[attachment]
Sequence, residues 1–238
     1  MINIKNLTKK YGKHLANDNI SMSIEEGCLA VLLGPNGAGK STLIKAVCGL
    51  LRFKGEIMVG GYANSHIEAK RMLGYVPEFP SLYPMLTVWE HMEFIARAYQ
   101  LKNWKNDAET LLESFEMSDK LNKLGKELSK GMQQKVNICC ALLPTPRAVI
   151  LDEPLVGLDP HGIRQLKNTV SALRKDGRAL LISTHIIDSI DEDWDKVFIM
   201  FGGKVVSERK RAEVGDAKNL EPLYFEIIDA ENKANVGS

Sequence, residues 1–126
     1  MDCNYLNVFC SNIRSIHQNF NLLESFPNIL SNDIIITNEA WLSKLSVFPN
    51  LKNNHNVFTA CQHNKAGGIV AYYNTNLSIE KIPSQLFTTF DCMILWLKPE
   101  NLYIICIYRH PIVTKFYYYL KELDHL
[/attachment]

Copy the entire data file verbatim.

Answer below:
Sequence, residues 1–238
     1  MINIKNLTKK YGKHLANDNI SMSIEEGCLA VLLGPNGAGK STLIKAVCGL
    51  LRFKGEIMVG GYANSHIEAK RMLGYVPEFP SLYPMLTVWE HMEFIARAYQ
   101  LKNWKNDAET LLESFEMSDK LNKLGKELSK GMQQKVNICC ALLPTPRAVI
   151  LDEPLVGLDP HGIRQLKNTV SALRKDGRAL LISTHIIDSI DEDWDKVFIM
   201  FGGKVVSERK RAEVGDAKNL EPLYFEIIDA ENKANVGS

Sequence, residues 1–126
     1  MDCNYLNVFC SNIRSIHQNF NLLESFPNIL SNDIIITNEA WLSKLSVFPN
    51  LKNNHNVFTA CQHNKAGGIV AYYNTNLSIE KIPSQLFTTF DCMILWLKPE
   101  NLYIICIYRH PIVTKFYYYL KELDHL